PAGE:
Jonathan Palmer’s guest column last week titled “Photography comes to Greene County” brought to mind a daguerreotype of John Quincy Adams (1767-1848) taken in 1843 — a year after A. Johns was advertising in the Catskill Messenger that he was available at Van Bergen’s Hotel to take daguerreotypes. Adams was the 6th President of the United States and the earliest President to be photographed.
The image was taken by German-born artist Philip Haas. He traveled to Paris to learn the art of daguerreotype. The technique became available to the public in 1839 and was named for its inventor Louis-Jacques-Mandé Daguerre. Jonathan Palmer gives a brief description of the process of producing daguerreotypes in his earlier column.
John Quincy Adams, son of John Adams, was the first President not to have been one of the founding fathers, but he had an illustrious career as a diplomat and politician. It would take a column or two to even briefly describe Adam’s career. Suffice it to say that he served in public office through the administrations of the first 11 Presidents of the United States; George Washington through James K. Polk. He concluded his career as the only former President to serve as a member of Congress, holding that position for 18 years.
We know little about Philip Haas, the pioneering daguerreotypist who captured the image of Adams. According to the website monoskop.org, Haas was born “around 1808” and his date of death is unknown. “With his image of John Quincy Adams in 1843, Haas became the first to produce a lithograph directly from a daguerreotype. In 1844 he moved to New York City (from Washington, D.C.) and established a daguerreian gallery on Broadway.”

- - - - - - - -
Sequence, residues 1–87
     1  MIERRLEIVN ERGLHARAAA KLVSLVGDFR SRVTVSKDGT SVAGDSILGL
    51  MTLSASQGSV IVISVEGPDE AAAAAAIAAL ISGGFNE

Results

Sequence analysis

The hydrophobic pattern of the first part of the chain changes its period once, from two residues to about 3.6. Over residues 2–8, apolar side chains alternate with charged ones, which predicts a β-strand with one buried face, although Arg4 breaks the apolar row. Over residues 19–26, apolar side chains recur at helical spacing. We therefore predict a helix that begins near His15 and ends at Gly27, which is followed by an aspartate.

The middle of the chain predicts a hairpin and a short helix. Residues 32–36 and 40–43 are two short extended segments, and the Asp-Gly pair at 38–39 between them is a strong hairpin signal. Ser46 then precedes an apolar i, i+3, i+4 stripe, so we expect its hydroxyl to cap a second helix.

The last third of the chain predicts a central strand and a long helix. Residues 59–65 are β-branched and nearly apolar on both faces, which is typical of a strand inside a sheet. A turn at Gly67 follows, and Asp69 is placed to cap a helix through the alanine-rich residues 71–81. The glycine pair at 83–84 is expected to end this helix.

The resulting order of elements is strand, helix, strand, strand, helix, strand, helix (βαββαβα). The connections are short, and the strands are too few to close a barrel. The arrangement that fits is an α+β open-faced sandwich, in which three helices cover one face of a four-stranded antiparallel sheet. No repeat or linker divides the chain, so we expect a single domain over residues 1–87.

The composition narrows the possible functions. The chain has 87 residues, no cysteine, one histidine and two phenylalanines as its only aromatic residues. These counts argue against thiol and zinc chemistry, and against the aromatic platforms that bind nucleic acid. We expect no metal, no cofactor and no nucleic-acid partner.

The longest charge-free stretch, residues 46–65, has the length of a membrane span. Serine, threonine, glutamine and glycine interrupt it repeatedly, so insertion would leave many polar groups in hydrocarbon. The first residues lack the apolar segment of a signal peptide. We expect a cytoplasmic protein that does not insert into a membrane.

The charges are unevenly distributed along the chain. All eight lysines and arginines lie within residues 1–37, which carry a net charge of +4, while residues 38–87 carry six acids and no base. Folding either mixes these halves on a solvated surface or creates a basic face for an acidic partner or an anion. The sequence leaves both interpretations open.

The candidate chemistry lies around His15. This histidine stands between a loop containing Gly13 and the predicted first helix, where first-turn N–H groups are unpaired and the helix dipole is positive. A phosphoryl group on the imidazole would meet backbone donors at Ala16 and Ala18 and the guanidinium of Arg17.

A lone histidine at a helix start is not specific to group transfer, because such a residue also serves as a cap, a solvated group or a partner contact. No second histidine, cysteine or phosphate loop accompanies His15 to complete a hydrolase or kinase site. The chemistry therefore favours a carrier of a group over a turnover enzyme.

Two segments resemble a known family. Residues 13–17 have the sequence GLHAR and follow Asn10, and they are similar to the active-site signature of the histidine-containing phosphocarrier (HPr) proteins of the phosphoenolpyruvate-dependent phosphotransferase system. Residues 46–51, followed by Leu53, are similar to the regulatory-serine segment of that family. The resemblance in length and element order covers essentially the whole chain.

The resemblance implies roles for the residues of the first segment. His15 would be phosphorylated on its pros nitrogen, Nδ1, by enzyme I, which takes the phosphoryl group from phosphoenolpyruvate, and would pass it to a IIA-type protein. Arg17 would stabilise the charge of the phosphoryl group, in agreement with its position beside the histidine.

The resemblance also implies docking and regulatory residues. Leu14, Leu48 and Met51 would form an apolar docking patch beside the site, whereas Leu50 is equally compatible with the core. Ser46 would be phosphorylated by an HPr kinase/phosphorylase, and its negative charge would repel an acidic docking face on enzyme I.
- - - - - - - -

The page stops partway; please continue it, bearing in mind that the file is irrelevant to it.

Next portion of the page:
An interesting note about his life is included on the website. “In 1861, at the age of 53, Haas lied about his age to enlist with the First New York Engineers, which was sent to South Carolina. Here, he was detailed with Washington Peale to shoot photographs…Weakened by ill health in 1862, he resigned from the army on May 25, 1863 and from there the trail of his life is lost.”
The discussion of daguerreotype photographs also brings to mind West Kill’s (Greene County) Levi Hill who is considered by some to be the father of color photography. By 1851 Hill claimed he had taken the process of black and white daguerreotype photography a step further by introducing color. Many people considered his results fake, but chemical analysis conducted in the last 10 years by researchers affiliated with the Smithsonian’s National Museum of American History and others tended to show that his process did have a crude ability to produce color photography.
Next year will mark the 180th anniversary of the introduction of photography; a short time in human history and a revolutionary phenomenon. It has changed the way we look at the world forever.
Reach David Dorpfeld at firstname.lastname@example.org.